It’s beautiful as is and I would happily make it a home.

    1
  13. KathyCKathyC says: 36 comments
    OHD Supporter

    First thing I’d do is hire some good restoration people to deal with the church interior. Aside from making sure roof is good, etc, I would do nothing to the church interior.The rest would be historical restoration by experts.
    The apartment…that would be fun to play with.

    3
  14. LynnK says: 88 comments

    My first thought was, “I wonder how much it would cost to have someone repair all of the paintings?” Amazing!!

    3
  15. CoraCora says: 2056 comments
    OHD Supporter & Moderator

    Clinton, TN

    This is too beautiful for words.

    4
  16. MW says: 893 comments

    It seems amazing cheap for such a beautiful little piece of art. It is a shame that the government isn’t doing something to preserve this instead of leaving it to risk the open market. But I suspect there might be many more like this there and it is just not realistic to expect they can get too deep into too many of them. But at least it seems that it isn’t in any obvious imminent danger from people damage like it likely would be here in the US. Here it would probably get looted and stripped out, burned down or bulldozed for a big box store parking lot within a matter of a couple years.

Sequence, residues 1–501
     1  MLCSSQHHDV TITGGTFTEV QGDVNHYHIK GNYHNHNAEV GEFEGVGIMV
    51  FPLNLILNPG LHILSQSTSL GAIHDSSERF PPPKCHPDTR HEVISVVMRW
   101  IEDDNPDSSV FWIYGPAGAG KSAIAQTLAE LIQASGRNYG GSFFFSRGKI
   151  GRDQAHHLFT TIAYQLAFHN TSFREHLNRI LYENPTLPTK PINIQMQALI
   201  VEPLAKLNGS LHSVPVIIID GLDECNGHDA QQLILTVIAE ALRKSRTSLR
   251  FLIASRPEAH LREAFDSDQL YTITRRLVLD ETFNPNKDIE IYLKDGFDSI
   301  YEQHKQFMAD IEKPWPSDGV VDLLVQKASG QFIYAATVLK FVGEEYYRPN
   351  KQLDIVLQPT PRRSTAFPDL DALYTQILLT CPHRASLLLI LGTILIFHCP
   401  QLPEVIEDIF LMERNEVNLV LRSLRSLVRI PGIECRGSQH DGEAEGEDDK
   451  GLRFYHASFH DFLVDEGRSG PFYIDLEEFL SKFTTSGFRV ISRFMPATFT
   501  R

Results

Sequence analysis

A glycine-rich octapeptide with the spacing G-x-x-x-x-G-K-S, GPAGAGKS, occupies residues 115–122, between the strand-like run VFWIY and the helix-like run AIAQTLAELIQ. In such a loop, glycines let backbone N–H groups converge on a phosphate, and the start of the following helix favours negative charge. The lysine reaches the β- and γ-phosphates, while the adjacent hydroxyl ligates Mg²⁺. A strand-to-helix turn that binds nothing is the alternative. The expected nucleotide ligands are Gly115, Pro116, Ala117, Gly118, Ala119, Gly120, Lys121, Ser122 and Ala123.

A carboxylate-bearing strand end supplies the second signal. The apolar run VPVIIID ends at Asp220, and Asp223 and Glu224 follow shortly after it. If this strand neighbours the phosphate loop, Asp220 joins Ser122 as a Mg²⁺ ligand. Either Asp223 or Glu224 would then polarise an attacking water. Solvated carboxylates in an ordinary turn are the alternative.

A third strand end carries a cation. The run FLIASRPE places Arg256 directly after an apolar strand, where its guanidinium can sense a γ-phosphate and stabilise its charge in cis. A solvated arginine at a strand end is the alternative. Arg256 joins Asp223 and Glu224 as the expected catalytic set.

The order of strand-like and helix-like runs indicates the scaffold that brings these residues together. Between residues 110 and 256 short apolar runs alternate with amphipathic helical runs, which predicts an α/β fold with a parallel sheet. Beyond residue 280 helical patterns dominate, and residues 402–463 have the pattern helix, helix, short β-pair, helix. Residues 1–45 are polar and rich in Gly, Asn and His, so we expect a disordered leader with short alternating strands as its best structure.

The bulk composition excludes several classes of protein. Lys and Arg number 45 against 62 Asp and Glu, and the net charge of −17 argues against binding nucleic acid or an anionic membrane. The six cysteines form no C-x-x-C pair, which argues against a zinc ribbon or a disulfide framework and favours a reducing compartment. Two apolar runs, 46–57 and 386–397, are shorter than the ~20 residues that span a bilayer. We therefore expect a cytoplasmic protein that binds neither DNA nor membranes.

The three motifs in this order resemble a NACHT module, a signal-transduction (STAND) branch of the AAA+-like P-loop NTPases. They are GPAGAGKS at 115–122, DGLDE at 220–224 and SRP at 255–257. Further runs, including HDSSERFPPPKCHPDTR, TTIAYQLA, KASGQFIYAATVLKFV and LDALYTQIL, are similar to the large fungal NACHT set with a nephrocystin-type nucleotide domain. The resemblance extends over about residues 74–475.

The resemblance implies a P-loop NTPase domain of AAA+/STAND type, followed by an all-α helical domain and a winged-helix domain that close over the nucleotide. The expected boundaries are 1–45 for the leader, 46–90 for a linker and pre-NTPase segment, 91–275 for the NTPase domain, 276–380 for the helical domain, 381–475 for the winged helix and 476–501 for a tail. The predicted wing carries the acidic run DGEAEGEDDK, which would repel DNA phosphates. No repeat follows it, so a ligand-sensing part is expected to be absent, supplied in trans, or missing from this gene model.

3
  17. Millie says: 8 comments

    I am currently “reading” Pillars of the Earth, about a cathedral being built. Looking at this church, I could see the stonemasons, apprentices, etc. laboring away 600 years ago. The book takes place in the 1500s in England and is an easy read. I have also read Cathedral by Rutherford and that is a huge book and very entertaining! I think someone needs to buy this and then we can have groups from here go over as a tour to help work on it! Wouldn’t that be fun!

    3
  18. Sarah J Erwin says: 68 comments

    STUNNING!! Now…. where do we start???? And I’d love to see the estimate for restoration of the painting. And how much it would cost to repair/replace the tile roof. That would be job number one, I think, to prevent any more damage! Really beautiful!! Thanks for sharing this!

    1
  19. Greg says: 2 comments

    It looks like the paintings date to a few centuries after the church was built.

    1
  20. FG says: 90 comments

    So, after being in Spain and Portugal – where there are a surprising number of abandoned buildings in random places, especially smaller cities, it doesn’t surprise me that there are churches going begging in a country with a similar rural depopulation trend and economy.

  21. says: 7 comments

    The town seems to be located at the foot of the mountains that suffered several very damaging earthquakes a couple of years ago. That’s the only thing that would give me pause about this lovely old property.

    2